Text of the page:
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AMSAT and ARISS Designing Amateur Radio System for Lunar Gateway


Details are still being fleshed out, but AMSAT and ARISS are working on the design of an Amateur Radio system for NASA’s Lunar Gateway. As NASA explains, the Gateway “will be a small spaceship in orbit around the moon that will provide access to more of the lunar surface than ever before with living quarters for astronauts, a lab for science and research, ports for visiting spacecraft, and more.” For NASA, the Lunar Gateway is “a spaceport for human and robotic exploration to the moon and beyond.” For radio amateurs, the Lunar Gateway will represent the next step in moving ham radio out of low-Earth orbit and into deep space. Under the current timeline, initial sections of the Gateway are scheduled to launch in 2022, with the Gateway in lunar orbit by 2026.

“To make this happen, we are leveraging the work and expertise of the worldwide AMSAT organizations and the international ARISS community in this endeavor,” ARISS-International Chair and AMSAT Vice President for Human Spaceflight Programs Frank Bauer, KA3HDO, said. “We have an international team working on this and are meeting twice a month to mature the concept.” The ARISS concept was presented to NASA in May and got positive feedback, and was favorably received a few weeks later at the ARISS-International meeting in Montreal from the Canadian Space Agency’s Gateway Program Manager.

“The Amateur Radio Exploration (AREx) team has done some really good work,” Bauer continued. “The challenge for amateurs will be on the order of a 30 dB signal path loss as compared to LEO. But the link margins on our design seem too close.”

The Lunar Gateway will serve as a solar-powered communication hub, science lab, short-term habitation module, and a holding area for rovers and other robots that may be bound for the moon or for other planets. NASA is leading the project in collaboration with commercial and international partners, and all of the International Space Station partners. This includes the European Space Agency, Roscosmos (Russia), JAXA (Japan), and the Canadian Space Agency.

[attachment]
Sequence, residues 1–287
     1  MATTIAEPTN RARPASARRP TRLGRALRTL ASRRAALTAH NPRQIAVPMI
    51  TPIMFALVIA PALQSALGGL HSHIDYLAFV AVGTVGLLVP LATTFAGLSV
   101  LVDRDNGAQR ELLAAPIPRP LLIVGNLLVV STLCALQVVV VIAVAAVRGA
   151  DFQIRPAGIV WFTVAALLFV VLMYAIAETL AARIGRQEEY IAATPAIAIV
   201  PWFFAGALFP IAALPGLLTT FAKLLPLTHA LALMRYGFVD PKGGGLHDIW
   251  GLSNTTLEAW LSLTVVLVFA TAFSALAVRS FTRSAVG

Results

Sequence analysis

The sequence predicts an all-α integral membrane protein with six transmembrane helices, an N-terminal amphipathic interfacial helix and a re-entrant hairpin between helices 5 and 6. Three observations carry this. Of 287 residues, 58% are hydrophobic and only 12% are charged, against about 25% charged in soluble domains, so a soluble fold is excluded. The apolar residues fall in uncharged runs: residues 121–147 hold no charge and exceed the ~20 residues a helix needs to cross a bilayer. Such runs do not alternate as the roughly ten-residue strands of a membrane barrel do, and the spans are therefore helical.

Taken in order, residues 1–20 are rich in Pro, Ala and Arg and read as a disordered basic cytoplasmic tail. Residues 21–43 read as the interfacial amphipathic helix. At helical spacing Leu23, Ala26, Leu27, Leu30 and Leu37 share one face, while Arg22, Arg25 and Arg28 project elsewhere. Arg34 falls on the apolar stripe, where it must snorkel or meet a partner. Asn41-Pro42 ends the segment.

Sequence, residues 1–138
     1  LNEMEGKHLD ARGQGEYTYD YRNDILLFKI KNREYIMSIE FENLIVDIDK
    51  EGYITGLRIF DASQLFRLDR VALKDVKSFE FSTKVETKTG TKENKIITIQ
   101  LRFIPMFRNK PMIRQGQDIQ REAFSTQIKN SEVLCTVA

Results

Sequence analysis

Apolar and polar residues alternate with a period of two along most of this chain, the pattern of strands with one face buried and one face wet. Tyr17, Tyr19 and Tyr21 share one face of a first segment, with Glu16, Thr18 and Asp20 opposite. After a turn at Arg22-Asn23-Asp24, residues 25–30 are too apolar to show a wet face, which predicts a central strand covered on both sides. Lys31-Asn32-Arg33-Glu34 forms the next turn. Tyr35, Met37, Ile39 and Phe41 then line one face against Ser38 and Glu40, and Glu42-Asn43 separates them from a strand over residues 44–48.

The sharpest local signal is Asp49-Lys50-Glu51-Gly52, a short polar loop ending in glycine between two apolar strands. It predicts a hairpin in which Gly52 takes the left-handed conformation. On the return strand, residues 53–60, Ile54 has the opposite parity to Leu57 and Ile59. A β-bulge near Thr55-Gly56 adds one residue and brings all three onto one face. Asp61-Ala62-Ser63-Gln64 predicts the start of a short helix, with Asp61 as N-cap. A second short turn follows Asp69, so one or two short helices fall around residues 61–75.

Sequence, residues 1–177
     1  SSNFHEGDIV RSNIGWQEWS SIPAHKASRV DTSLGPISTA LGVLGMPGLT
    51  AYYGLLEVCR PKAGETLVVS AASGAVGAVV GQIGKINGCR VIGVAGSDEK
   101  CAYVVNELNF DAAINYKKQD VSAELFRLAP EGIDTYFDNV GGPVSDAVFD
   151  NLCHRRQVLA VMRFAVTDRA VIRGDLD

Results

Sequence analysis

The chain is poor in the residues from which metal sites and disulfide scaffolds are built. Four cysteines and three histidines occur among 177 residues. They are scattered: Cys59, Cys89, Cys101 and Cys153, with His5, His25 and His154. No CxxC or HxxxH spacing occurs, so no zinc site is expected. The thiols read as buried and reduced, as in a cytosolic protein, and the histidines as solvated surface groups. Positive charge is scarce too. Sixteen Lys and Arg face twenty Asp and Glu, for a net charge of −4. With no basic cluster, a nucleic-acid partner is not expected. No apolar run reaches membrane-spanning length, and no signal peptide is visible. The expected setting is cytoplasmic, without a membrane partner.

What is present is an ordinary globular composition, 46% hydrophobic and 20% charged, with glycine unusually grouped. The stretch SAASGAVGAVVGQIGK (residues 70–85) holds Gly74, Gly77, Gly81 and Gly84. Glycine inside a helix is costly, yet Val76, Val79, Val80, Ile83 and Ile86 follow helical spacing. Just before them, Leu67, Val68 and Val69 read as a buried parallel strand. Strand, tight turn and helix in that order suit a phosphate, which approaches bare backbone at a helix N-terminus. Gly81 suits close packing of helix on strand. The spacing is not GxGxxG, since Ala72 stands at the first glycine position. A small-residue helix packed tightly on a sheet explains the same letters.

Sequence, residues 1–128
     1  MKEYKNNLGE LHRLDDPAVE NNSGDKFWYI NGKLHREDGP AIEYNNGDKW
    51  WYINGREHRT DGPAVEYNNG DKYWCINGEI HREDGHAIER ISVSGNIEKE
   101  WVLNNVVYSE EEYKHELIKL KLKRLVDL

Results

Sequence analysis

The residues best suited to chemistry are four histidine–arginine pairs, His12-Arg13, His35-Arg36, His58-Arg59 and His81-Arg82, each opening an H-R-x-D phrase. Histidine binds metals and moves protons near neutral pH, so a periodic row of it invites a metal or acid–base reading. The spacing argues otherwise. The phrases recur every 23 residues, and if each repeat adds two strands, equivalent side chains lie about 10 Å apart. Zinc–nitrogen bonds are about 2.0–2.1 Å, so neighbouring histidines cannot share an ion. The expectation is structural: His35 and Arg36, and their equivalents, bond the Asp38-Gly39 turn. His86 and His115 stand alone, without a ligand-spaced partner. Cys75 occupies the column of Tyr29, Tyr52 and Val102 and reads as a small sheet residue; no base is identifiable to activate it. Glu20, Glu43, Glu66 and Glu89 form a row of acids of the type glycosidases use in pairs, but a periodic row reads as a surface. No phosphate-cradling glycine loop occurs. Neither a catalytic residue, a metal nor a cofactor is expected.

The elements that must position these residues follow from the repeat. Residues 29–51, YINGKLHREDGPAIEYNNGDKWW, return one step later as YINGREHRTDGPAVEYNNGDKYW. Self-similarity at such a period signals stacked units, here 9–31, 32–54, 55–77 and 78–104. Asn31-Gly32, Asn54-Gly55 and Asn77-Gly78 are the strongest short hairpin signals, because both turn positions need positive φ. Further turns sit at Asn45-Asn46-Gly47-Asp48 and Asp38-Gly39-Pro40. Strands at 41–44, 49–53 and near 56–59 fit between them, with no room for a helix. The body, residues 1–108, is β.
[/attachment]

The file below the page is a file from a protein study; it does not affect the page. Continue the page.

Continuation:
One of the project’s facets now under discussion within the AREx Working Group is a phased-array antenna that can be electronically directed. The Lunar Gateway group has told ARISS that it is important to get in on Phase 1 of the Lunar Gateway program and develop its system early on.

“We need to develop a block diagram of a system and subsystems and find team members who want to work on each, Bauer said when the ARISS-International team met in Montreal. “We must set up requirements and interface documentation. We need to solidify the frequencies to use, working with the International Space Frequency Coordination Group.

ARISS ARRL Representative Rosalie White, K1STO, said that ARISS wants to spread the word about the new initiative. “Doing so will help bring in greatly needed new volunteers to join the team and assist with what unique things must be done,” she said. “When able, face-to-face meetings must be held with team leaders to define roles for team members and to develop hardware plans.”

White also hopes the new project may inspire the generosity of the Amateur Radio community. 



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